Giving advice feels presumptuous. Who are we to presume that we should know what others should do, especially the further their personalities and circumstances are from our own.
Even if it doesn’t feel presumptuous, triangulating through the complex matrixes of another person’s life to give them useful advice is just really hard and takes a lot of time. Most of us have our hands full with our own decisions.
Especially when the stakes are high, that is precisely the time we tend to recoil from telling anyone what they should do. If I tell my closest friend not to marry someone, and then he marries the person anyway, I’ll always be that friend who thought they shouldn’t get married. No one wants to be that friend.
But I would argue that moments like those are precisely the time when we need to support those who we know and love most, not just with our presence and support, but with what we think. And not just that: concrete help. A next step, a new question to think through, a value to clarify, a connection to make, a person to call. You know: real help and guidance.
“I’ll support you no matter what”
Take the mom in Love Is Blind who refused to say one way or another whether her daughter should go say “I do.” I would argue the daughter desperately needed her at that moment for her mom’s true thoughts. Especially because the show until then had been explicitly designed on a timeline so as to prevent the kind of objective distance from the life-changing decisions they were being expected to make.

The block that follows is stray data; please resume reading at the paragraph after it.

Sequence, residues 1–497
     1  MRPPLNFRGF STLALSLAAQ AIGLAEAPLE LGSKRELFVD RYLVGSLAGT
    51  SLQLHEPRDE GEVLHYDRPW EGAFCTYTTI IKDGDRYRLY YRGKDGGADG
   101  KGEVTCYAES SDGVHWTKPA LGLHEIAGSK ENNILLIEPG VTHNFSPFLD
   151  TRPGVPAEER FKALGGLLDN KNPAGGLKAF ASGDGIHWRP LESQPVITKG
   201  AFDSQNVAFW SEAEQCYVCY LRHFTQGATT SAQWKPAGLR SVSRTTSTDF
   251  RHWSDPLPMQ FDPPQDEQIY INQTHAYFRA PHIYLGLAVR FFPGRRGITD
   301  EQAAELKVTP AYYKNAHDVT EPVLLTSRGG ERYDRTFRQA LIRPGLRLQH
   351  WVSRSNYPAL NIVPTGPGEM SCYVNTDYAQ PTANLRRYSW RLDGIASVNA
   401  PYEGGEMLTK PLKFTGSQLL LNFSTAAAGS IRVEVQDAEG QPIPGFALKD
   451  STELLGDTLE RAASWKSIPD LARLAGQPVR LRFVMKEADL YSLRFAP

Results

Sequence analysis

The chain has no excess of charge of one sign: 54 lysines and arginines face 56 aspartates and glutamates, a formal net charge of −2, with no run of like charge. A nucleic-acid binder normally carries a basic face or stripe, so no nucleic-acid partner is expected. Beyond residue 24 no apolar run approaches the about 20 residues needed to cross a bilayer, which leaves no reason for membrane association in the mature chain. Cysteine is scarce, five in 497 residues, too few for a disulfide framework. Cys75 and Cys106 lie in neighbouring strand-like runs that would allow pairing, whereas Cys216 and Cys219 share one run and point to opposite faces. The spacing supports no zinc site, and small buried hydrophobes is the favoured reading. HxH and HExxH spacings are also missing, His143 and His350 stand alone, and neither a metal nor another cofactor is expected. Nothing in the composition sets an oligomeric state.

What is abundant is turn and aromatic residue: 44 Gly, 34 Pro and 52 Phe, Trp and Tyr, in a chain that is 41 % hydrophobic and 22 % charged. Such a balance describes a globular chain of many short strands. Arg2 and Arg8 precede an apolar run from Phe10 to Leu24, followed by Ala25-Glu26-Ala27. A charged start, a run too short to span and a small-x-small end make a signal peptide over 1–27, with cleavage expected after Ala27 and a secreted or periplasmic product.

Participants were sequestered away in “pods,” only able to talk to each other, and lacked access to their phones or anyone from the outside world for weeks. It was like fog of war but for emotions. The only people they could talk to (in the beginning) were each other, and thus all of them suffered from the same blindness, so to speak, about themselves.
The situation may seem fake, but actually life is like that sometimes: in the midst of a bad marriage, for example, with your family on the line and your whole life in front of you, it can be next to impossible to understand one’s own options and feelings, much less what to do about them. The same can be said for layoffs, job changes, moves, having kids, and basically any situation that requires balancing of priorities when values, emotions, and/or identity are involved.
We need emotional support in these moments, yes - but what we so often lack is someone who knows us who is willing to help us navigate the decisions and the tradeoffs. Really navigate them.
Many of the parents in Love Is Blind, when they finally do get a chance to speak with their kids, tell them they’ll support whatever decision they make. Of course they will - because they’re good parents. Just because you give a loved one your concrete opinion doesn’t mean you relinquish your other responsibility in the matter, which is to reassure them that you will be by their side no matter which decision they make.
Similarly, telling someone, “only you can make this decision,” while functionally true, is next to useless as far as support goes. Especially if you know the person well.
The spreadsheet of life
Those of you who have been reading this newsletter know that I have been thinking long and hard about my work, my career, and the future generally. When I talk about these things in person with close friends or family I always make it a point to ask directly for input or advice. “I’m very open to suggestions,” is my go-to. And I really do try to be open to them.
Not everyone is, of course. There are a lot of people who want to be told only what they want to hear, or simply be comforted with a hug. They don’t want your advice, and if they don’t ask, then don’t give. This article is not meant as an exhortation for everyone to start telling everyone else what to do with their lives.
But it is an ask to be on the lookout for when someone you love really needs more than just a hug or a drink (although both are almost always welcomed). Sometimes what they need is for you to sit down in front of the spreadsheet of life with them and start working through it in all its complexity.